One summer, when we visited our son at a camp in the Poconos, his “rebbe” there (actually a yeshiva student who was conducting the Torah studies portion of the camp curriculum for our son’s bunk), discussed with us our son’s interests in learning after the summer camp had concluded.  He spoke in terms of exploring additional synagogues a few blocks away from our home, totally oblivious to the fact that the Orthodox shul to which we belonged was the only available one in the area for us. [We chose the community because of that shul, and even after our Aliyah we proudly maintain our connection with it.].

The selection of kosher food in the local supermarkets in our community left much to be desired, and we had to drive all the way into Queens, or to Great Neck or the Five Towns in Nassau County, for good kosher restaurants.

On one occasion, I accompanied a client of mine to Brooklyn to meet with a rabbi who was attempting to mediate a resolution of a lawsuit.  There were major traffic jams on the Long Island Expressway and on the parallel parkways, so we arrived more than a half hour after the scheduled time.  This rabbi castigated my client (and me) for being late, saying that it was only a short trip from Long Island; he had construed the term “Long Island” to mean Great Neck or the Five Towns or West Hempstead, and did not understand that we were coming from as far east as Suffolk County.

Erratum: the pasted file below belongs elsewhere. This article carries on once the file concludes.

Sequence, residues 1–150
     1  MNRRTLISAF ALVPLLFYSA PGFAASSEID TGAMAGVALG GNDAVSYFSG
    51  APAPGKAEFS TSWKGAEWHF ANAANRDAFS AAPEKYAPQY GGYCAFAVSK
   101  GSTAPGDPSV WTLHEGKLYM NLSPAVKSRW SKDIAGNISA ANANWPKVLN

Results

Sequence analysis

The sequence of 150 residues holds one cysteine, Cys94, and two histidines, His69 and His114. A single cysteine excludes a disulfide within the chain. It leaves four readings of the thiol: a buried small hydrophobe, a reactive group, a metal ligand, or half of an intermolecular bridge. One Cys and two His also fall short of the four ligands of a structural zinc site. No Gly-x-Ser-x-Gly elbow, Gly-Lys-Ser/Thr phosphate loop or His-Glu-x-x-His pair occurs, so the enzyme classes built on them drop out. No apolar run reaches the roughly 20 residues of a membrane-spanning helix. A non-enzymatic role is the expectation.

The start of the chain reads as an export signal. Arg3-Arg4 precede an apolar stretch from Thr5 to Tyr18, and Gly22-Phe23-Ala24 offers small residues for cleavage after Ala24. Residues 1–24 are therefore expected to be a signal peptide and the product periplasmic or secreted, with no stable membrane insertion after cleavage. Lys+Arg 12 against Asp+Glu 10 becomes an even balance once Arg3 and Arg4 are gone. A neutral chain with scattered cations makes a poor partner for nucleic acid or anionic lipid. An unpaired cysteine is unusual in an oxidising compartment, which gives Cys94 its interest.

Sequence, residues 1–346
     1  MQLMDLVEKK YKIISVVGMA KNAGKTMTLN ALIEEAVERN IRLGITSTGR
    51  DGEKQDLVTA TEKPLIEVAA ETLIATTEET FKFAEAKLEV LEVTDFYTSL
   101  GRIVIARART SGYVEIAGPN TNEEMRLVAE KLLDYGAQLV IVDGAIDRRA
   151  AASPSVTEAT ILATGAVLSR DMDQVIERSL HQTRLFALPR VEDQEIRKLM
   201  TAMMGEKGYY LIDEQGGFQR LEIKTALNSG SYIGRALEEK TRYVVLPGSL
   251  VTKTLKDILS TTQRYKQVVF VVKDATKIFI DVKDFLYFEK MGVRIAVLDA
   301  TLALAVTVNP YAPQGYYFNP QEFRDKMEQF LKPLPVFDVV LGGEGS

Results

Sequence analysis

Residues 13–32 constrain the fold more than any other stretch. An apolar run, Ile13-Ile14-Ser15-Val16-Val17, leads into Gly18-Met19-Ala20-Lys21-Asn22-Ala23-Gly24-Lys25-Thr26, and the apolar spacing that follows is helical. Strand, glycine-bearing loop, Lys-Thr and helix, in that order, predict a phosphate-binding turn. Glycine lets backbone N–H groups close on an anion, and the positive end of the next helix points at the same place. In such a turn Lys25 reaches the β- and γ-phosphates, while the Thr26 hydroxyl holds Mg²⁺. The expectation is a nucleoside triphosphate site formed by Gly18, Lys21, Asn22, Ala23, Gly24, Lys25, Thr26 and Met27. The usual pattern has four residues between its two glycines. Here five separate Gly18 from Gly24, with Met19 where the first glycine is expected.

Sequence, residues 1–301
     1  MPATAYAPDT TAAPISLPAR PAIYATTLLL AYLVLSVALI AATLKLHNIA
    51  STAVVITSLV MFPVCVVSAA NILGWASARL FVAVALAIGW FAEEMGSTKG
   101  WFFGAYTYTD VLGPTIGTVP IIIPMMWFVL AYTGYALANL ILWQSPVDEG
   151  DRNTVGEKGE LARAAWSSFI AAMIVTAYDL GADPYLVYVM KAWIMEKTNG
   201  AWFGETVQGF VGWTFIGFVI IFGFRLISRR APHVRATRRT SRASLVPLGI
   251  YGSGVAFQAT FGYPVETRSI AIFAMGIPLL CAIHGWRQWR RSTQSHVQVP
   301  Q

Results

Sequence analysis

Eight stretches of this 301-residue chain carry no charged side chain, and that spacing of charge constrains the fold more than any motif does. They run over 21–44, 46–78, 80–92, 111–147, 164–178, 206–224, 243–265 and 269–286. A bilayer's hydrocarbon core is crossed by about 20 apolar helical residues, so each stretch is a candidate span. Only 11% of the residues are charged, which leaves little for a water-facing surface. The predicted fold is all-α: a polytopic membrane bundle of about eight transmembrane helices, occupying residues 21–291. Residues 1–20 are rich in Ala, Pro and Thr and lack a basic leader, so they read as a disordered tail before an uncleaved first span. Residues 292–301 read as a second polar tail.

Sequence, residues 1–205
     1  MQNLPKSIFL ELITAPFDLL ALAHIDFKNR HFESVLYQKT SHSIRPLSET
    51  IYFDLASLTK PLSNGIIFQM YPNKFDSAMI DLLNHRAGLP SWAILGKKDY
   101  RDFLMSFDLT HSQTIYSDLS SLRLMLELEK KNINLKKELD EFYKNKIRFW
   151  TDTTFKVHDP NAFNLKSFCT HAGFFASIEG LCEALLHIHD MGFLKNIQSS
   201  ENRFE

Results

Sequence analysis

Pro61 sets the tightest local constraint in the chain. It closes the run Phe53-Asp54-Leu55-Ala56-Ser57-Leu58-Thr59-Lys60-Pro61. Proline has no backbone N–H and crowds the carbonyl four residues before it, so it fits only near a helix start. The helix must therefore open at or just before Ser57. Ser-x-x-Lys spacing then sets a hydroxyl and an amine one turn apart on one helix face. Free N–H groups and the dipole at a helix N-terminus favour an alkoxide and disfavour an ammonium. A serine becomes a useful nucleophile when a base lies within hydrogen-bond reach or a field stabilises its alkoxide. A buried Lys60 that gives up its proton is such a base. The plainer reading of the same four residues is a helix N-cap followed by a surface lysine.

Many of the people our rabbi brought out from his old yeshiva in Queens were amazed and awed that an Orthodox Jewish community like ours even existed in Suffolk County.  And in more than one instance, people we were bringing out to visit us or others in our community were dumbfounded at the distance beyond JFK Airport to which we had to drive.

My wife’s uncle, who had been learning at the Lakewood yeshiva, made Aliyah in 1950, preferring to get his smichah in Israel instead of from Rabbi Aharon Kotler in Lakewood; he settled in Bnei Brak and lived out his life there.  Once when he came to the USA to visit, he stayed with a friend of his in Brooklyn.  We drove in from Suffolk County to meet with him one evening, and he told us that we were better off in East Northport than we were in Cherry Hill.  We had to explain to him that unlike in Cherry Hill, there was (at that time) no mikveh in Suffolk County, and my wife had to drive nearly an hour to use the one in Queens.  We explained to him that Long Island extended about 150 kilometers past the Nassau-Queens border.  He had had no conception that “Long Island” was so vast.